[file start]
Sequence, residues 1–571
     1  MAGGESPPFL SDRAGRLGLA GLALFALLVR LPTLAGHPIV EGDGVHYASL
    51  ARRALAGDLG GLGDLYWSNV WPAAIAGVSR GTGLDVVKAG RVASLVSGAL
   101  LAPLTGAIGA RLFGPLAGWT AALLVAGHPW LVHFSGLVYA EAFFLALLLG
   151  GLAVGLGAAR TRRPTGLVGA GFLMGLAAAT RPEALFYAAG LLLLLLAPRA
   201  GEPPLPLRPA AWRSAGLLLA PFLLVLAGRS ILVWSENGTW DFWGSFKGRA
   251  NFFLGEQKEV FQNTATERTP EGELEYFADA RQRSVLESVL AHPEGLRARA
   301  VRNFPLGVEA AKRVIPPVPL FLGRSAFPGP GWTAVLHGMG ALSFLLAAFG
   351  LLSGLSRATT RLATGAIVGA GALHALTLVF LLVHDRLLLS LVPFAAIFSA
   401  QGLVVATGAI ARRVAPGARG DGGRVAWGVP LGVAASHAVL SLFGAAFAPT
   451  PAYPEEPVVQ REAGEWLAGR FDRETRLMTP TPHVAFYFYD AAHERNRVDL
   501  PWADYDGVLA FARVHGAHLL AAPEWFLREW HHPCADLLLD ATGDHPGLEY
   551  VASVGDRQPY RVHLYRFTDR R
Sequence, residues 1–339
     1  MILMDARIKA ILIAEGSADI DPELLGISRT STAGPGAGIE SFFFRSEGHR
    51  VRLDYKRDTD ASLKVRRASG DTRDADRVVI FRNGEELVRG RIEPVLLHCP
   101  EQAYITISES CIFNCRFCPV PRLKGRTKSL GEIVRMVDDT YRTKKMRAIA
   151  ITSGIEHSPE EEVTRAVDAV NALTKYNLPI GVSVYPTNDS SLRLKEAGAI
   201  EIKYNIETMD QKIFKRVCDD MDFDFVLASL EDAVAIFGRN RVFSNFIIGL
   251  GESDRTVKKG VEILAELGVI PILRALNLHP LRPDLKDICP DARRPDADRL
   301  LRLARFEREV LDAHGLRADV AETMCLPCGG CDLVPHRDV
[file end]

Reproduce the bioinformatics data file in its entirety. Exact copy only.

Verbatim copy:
Sequence, residues 1–571
     1  MAGGESPPFL SDRAGRLGLA GLALFALLVR LPTLAGHPIV EGDGVHYASL
    51  ARRALAGDLG GLGDLYWSNV WPAAIAGVSR GTGLDVVKAG RVASLVSGAL
   101  LAPLTGAIGA RLFGPLAGWT AALLVAGHPW LVHFSGLVYA EAFFLALLLG
   151  GLAVGLGAAR TRRPTGLVGA GFLMGLAAAT RPEALFYAAG LLLLLLAPRA
   201  GEPPLPLRPA AWRSAGLLLA PFLLVLAGRS ILVWSENGTW DFWGSFKGRA
   251  NFFLGEQKEV FQNTATERTP EGELEYFADA RQRSVLESVL AHPEGLRARA
   301  VRNFPLGVEA AKRVIPPVPL FLGRSAFPGP GWTAVLHGMG ALSFLLAAFG
   351  LLSGLSRATT RLATGAIVGA GALHALTLVF LLVHDRLLLS LVPFAAIFSA
   401  QGLVVATGAI ARRVAPGARG DGGRVAWGVP LGVAASHAVL SLFGAAFAPT
   451  PAYPEEPVVQ REAGEWLAGR FDRETRLMTP TPHVAFYFYD AAHERNRVDL
   501  PWADYDGVLA FARVHGAHLL AAPEWFLREW HHPCADLLLD ATGDHPGLEY
   551  VASVGDRQPY RVHLYRFTDR R
Sequence, residues 1–339
     1  MILMDARIKA ILIAEGSADI DPELLGISRT STAGPGAGIE SFFFRSEGHR
    51  VRLDYKRDTD ASLKVRRASG DTRDADRVVI FRNGEELVRG RIEPVLLHCP
   101  EQAYITISES CIFNCRFCPV PRLKGRTKSL GEIVRMVDDT YRTKKMRAIA
   151  ITSGIEHSPE EEVTRAVDAV NALTKYNLPI GVSVYPTNDS SLRLKEAGAI
   201  EIKYNIETMD QKIFKRVCDD MDFDFVLASL EDAVAIFGRN RVFSNFIIGL
   251  GESDRTVKKG VEILAELGVI PILRALNLHP LRPDLKDICP DARRPDADRL
   301  LRLARFEREV LDAHGLRADV AETMCLPCGG CDLVPHRDV